Dr. Scott Haldeman, a leading spokesman in the spine professions with his three degrees as a chiropractor, medical doctor and PhD, suggests there was a longer time lag for treatments that were ultimately refuted.

 “For these unsuccessful treatments, there was a median time lag of 44 years from initial discovery to being disproved. For treatments that ultimately proved to be valuable, there was a time lag of ‘only’ 17 years between discovery and scientific validation.”[21]

 

The glaring question most people must be asking themselves about the back pain epidemic is why has this newfound appreciation for chiropractic care gone unnoticed in the media and by the medical society?

And why has the criticism of medical procedures been so quiet in the lay media?

Except for chiropractic patients and spine researchers who understand the value of chiropractic care, many in the public haven’t learned this lesson due to a very extensive propaganda campaign conducted by the American Medical Association that was revealed in a federal antitrust court in Chicago that began in 1976.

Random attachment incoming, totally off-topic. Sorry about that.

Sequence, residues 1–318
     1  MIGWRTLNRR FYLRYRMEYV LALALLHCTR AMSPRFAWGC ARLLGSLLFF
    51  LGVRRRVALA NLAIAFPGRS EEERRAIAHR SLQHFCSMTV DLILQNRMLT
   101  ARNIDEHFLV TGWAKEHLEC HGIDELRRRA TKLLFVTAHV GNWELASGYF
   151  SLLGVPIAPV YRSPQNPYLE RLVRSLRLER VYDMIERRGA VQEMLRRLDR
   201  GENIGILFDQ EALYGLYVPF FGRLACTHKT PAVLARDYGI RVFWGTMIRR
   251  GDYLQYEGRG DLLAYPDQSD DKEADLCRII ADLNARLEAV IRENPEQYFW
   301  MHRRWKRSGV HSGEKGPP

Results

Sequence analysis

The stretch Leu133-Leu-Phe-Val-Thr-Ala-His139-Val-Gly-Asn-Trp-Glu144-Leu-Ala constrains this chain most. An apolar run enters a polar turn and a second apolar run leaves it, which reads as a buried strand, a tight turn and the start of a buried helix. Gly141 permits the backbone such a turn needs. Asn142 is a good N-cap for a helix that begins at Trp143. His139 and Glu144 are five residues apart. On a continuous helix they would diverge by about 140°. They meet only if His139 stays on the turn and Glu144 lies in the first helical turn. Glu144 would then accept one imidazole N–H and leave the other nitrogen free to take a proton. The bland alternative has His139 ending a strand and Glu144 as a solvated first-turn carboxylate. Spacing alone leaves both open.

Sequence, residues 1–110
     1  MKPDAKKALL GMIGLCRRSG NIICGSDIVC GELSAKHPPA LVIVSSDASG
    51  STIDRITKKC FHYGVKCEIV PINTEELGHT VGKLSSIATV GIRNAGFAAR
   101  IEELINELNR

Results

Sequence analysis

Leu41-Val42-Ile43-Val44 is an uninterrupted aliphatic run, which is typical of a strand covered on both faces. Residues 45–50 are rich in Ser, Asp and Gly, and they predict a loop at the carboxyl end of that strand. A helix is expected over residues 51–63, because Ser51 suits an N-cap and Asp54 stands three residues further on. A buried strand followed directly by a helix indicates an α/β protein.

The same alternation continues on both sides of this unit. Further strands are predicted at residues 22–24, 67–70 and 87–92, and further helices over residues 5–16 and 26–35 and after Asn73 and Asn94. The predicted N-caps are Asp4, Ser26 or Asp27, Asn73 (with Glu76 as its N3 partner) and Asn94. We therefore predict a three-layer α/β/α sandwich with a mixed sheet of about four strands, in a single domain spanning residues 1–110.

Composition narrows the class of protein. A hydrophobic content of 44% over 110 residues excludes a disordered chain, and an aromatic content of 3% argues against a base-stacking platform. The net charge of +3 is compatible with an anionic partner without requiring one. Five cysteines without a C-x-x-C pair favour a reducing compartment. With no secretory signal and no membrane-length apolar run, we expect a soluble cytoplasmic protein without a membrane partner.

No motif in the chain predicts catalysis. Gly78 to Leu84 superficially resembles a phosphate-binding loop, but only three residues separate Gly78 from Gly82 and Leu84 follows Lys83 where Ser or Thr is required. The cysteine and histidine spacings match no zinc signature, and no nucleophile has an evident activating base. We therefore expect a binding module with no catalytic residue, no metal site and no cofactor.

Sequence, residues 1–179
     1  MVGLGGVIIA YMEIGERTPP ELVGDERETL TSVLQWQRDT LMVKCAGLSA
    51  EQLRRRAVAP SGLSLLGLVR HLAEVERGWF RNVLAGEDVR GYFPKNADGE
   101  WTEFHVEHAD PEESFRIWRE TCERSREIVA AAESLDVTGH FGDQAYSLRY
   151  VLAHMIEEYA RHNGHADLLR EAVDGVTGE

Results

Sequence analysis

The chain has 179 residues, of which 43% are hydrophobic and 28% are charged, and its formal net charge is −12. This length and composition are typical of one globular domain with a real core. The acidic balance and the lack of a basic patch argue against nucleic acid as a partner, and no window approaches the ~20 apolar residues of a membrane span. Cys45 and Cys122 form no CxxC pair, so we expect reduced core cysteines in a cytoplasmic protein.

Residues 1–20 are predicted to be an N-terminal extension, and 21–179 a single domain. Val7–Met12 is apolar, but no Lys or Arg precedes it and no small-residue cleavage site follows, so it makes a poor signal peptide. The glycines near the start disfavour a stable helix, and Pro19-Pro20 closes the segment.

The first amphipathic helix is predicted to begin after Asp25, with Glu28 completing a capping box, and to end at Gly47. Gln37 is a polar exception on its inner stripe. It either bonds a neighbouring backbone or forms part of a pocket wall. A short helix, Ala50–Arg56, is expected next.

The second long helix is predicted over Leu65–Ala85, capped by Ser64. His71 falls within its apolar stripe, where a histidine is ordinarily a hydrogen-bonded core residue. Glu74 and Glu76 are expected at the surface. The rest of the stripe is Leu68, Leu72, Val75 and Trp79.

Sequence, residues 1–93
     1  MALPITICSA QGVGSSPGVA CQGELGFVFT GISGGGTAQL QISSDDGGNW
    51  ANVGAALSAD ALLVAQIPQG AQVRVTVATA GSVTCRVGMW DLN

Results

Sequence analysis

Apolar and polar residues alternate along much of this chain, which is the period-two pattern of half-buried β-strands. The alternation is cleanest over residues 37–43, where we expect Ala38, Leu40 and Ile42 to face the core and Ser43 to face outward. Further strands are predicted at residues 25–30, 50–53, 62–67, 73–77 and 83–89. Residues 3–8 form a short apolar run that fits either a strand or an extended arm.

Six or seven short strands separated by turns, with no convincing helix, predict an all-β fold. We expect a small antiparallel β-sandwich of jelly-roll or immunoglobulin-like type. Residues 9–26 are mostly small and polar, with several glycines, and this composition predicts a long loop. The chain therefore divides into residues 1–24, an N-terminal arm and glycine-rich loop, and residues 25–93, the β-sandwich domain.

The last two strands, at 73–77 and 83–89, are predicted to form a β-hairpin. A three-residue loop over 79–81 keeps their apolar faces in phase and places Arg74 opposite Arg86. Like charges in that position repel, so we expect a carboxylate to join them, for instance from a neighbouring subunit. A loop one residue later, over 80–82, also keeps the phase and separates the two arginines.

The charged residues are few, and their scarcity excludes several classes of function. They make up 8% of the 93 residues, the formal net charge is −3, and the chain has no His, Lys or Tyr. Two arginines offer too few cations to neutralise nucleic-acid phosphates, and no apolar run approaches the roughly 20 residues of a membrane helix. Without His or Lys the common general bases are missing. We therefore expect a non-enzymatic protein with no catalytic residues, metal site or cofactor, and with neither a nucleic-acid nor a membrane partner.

This is a dark chapter in medical history that few people are aware of, but one that lingers on today to shape American attitudes about the chiropractic profession more than most might imagine.

A poignant example of the negativity spewed by the AMA’s propaganda campaign was evident in a survey conducted in 1984 in Oklahoma.

“To many respondents, chiropractors are seen as being fine for many people in the community, but as one said, ‘I wouldn’t want my daughter to marry one.’”[22]

 

This typifies the split image of chiropractors by the public—on one hand, they are fine, but an inherent prejudice still exists.